Misunderstanding Vocational Education Diminishes Innovation Effort

As published in Australia’s Nobel Laureates Vol III: State of Our Innovation Nation: 2021 and Beyond
One Mandate Group, 2020

By Craig Robertson

June 2021

Rote, competency-based learning will always be playing catch-up to the present, and desperately behind the future innovation skills Australia needs to build to drive prosperity.
Craig Robertson, CEO, TAFE Directors Australia, and Chair, World Federation of Colleges and Polytechnics, calls for a refocus of how training is delivered in Australia.

The near drowning on the Ohio River in 1831 of the French aristocrat and social scientist, Alexis de Tocqueville tells something about America’s success in innovation and why Australia struggles.

Around midnight on November 26 his vessel struck a sand bar and sank suddenly, drowning some, although Tocqueville survived. He was on his discovery tour of the great American experiment with democracy and equality. Concerned at the shoddy shipbuilding, which was a large part of the cause of deaths, he asked the ship owners why. They told him that the steady supply of new craft made it unprofitable to worry about the present. A healthy protestant belief of a better tomorrow added to this innovation spirit and the dream of something better around the bend.

This tells a story about vocational education and innovation policy in Australia. Structural deficiencies on the one hand, and on the other, back casted skills development, which is the anathema to innovation. There have been chances for reset but they have failed.

The Cutler review gave the intellectual underpinning for education and training input to innovation.

A highly-skilled workforce is essential not only for the generation and application of new knowledge, but also to use and adopt the knowledge produced elsewhere.

Cutler was commissioned by the Rudd Government to examine the role of innovation as the next source of productivity surge. Industry cheered as it had been staring down extended periods of flat productivity, especially multi-factor productivity.

While much was expected of the report in the important areas of human capital it deferred to COAG processes and the Bradley review of Higher Education for the necessary design to support innovation. The rest is history, as they say. Taming the rapid growth of university bachelor places from the demand driven funding system implemented at the behest of Bradley has focused the mind of federal governments since and the mess in vocational education and training resulting from marketisation strategies had all governments cleaning it up.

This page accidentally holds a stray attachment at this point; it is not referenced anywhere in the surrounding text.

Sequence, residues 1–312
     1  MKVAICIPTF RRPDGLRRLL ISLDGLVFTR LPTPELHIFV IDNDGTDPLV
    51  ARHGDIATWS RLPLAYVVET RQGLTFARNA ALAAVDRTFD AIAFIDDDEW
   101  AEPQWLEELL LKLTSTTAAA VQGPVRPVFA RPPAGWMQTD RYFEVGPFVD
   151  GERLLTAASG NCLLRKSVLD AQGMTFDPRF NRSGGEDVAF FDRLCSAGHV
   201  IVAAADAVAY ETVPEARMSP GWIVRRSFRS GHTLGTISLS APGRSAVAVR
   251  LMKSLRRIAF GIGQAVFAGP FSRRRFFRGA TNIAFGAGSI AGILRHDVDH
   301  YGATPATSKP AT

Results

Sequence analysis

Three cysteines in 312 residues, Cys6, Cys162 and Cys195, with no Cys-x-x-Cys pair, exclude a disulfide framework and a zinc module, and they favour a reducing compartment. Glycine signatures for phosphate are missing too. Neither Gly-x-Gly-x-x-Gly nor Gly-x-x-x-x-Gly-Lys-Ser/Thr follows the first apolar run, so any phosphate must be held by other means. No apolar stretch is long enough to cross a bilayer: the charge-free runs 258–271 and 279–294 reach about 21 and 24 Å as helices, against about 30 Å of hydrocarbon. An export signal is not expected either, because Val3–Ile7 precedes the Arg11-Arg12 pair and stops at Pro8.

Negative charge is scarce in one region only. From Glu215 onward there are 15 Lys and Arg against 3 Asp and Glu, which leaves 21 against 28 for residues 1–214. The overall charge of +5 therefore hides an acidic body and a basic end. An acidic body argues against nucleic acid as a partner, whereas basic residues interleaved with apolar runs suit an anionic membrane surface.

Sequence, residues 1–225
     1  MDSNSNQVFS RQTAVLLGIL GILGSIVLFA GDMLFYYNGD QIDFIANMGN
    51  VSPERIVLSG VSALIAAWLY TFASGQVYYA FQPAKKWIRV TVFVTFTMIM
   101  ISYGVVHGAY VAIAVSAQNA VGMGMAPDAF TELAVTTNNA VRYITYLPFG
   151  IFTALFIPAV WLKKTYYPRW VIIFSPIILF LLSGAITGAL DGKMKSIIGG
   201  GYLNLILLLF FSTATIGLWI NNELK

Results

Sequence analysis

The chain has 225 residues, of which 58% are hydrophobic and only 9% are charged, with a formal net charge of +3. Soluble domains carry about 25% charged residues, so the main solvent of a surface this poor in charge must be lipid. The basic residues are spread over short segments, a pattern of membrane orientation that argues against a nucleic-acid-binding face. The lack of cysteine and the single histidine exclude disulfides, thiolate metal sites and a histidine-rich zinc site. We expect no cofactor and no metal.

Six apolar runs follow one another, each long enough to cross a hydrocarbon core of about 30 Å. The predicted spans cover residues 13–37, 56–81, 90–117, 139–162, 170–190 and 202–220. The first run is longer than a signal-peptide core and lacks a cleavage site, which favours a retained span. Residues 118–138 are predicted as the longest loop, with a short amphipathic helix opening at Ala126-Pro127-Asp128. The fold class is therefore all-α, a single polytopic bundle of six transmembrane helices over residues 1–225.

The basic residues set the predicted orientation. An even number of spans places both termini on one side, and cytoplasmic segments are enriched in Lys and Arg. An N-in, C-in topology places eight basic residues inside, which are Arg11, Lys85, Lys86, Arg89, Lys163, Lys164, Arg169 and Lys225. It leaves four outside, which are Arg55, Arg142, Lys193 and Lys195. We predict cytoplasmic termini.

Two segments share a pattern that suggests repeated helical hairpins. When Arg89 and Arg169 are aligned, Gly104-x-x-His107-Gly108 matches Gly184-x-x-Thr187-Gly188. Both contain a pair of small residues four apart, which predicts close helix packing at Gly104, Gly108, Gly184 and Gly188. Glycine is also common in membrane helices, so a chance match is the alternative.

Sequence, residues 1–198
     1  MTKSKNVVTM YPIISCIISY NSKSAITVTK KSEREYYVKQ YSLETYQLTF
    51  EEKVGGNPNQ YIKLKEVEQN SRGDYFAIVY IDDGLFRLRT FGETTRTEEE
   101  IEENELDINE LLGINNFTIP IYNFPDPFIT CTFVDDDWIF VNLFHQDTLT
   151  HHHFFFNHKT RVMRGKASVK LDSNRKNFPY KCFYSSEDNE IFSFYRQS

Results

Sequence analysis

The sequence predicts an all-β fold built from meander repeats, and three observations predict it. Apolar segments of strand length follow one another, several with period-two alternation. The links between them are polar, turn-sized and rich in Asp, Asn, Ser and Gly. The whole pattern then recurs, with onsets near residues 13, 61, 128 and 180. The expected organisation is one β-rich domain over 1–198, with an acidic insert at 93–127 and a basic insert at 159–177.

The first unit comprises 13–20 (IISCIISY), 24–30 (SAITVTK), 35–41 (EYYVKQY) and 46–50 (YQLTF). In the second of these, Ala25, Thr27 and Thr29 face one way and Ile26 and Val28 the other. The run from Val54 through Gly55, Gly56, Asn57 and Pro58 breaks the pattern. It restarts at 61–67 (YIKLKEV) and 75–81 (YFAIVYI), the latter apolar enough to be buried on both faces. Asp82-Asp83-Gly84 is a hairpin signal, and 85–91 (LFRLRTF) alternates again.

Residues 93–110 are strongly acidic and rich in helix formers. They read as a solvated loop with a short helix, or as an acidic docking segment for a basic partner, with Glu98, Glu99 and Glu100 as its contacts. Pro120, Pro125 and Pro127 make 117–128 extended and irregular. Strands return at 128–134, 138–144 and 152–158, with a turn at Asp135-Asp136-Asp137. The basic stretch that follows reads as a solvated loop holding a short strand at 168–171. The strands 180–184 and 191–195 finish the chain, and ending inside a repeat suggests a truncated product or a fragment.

On elevation to Prime Minister, Malcolm Turnbull turned to the ideas boom through the National Innovation and Science Agenda. Again, it identified talent and skills as the building block of innovation but failed to mention vocational education and training, riling many in the sector considering those functions had been in the responsible portfolio less than six months prior.

At least the sector was mentioned in Australia 2030, the priorities identified by Innovation and Science Australia, the body established by Turnbull to guide the nation’s approach to innovation. In the vital area of skills and talent it said ‘Australia’s vocational education and training system can be made responsive to the new priorities presented by innovation.’ Recognition at least, but a rank disregard for the role it could play, confirmed by the Government simply noting the recommendation in its response. Insiders will know, ‘noting’ is a signal of disinterest at best.

These are opportunities lost almost entirely from misunderstanding of the basics of innovation. Much written about innovation in Australia starts with its research structures and funding, then laments the poor state of STEM education and lands on R&D tax concessions to encourage industry on the innovation journey. Australia’s annual innovation report is hardly encouraging. It reported:

Australia’s Vocational, Education and Training (VET) sector was recognised as an underused resource, with challenges identified in ensuring VET training packages remained relevant to industry needs.¹

Innovation is far more than the linear journey starting with science. Helinä Melkas and Vesa Harmaakorpi in their book -Practice-Based Innovation: Insights, Applications and Policy Implications – offer other forms of economic order and origins of innovation. The focus on science and clusters as the source of innovation clouds the potential for practice-based innovation. They work from a practice-based approach to innovation operating at the interaction between the two sub-systems of innovation – acquisition and assimilation of knowledge and transformation and exploitation of knowledge.

Lundvall² uses the term practice-based innovation policy, or DUI – doing, using interacting as the other end of the continuum to science and technology-based innovation, or STI. While this field of enquiry is young, intuitively it rings true and is validated by the OECD view on innovation.